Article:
2015
DOI: 10.1016/j.ejogrb.2015.04.017
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Menopausal stages and non-alcoholic fatty liver disease in middle-aged women

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Cited by 46 publications
(41 citation statements)
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References 44 publications
(62 reference statements)
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“…Both human and rodent studies provide evidence for a protective effect of estrogen and testosterone on the development of fatty liver (15)(16)(17)(19)(20)(21). We set out to investigate the effect of gonadectomy in three different strains of both sexes.…”
Section: Discussionmentioning
confidence: 99%
See 1 more Smart Citation
“…Both human and rodent studies provide evidence for a protective effect of estrogen and testosterone on the development of fatty liver (15)(16)(17)(19)(20)(21). We set out to investigate the effect of gonadectomy in three different strains of both sexes.…”
Section: Discussionmentioning
confidence: 99%
“…NASH has been reported to be more prevalent in females than in males (11), and lean women appear to have a higher prevalence of NAFLD than lean men (14). Also, NAFLD has been shown to be more prevalent in post-as compared with premenopausal women, suggesting that sex hormones may influence the onset of NAFLD (15). The fact that breast cancer patients treated with an estrogen receptor antagonist develop massive hepatic steatosis and even typical NASH indicates that estrogen affects development of this disease (16).…”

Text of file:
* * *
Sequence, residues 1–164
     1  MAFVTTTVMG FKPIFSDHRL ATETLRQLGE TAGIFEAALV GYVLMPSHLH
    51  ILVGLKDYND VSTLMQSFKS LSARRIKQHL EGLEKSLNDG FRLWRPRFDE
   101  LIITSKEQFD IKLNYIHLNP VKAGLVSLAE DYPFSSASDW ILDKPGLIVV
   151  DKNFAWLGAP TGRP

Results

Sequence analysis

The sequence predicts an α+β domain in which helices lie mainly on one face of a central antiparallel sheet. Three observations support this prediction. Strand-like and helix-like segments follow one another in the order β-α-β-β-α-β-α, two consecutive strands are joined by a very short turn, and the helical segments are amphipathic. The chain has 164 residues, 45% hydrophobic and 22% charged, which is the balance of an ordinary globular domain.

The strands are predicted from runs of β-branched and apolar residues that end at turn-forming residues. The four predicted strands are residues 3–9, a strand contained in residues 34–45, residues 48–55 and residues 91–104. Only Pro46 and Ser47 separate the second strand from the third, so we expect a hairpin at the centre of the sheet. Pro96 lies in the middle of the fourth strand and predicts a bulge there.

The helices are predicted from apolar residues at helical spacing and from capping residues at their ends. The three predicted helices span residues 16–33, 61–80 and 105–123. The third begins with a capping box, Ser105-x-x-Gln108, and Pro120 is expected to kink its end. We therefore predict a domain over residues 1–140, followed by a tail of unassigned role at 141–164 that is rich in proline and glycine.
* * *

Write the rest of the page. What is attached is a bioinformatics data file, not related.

Section: Accession Numbersmentioning
confidence: 99%
“…In addition to and independent of the role of MetS and its components, menopausal status [49, 83, 85] and increasing age [49, 56, 82] have all been consistently identified as strong risk factors for NAFLD in women. Only in a few studies was the association between menopausal status and NAFLD no longer significant after adjustment for age and metabolic factors [37, 81], indicating that menopause predisposes to developing NAFLD via incident dysmetabolic traits which typically appear in the postmenopausal age.…”
Section: Epidemiology Of Nafldmentioning
confidence: 99%
“…One side effect of TMX is the development of nonalcoholic fatty liver disease and steatohepatitis (Nishino et al 2003; Murata et al 2000; Oien et al 1999). As women transition to menopause, the risk of non-alcoholic fatty liver disease increases (Ryu et al 2015; Yang et al 2014). Aging is a natural risk factor for NAFLD, which may confound the impact of menopause on risk of NAFLD.…”
Section: Lack Of Estrogen Signaling Promotes Liver Tg Accumulation Anmentioning
confidence: 99%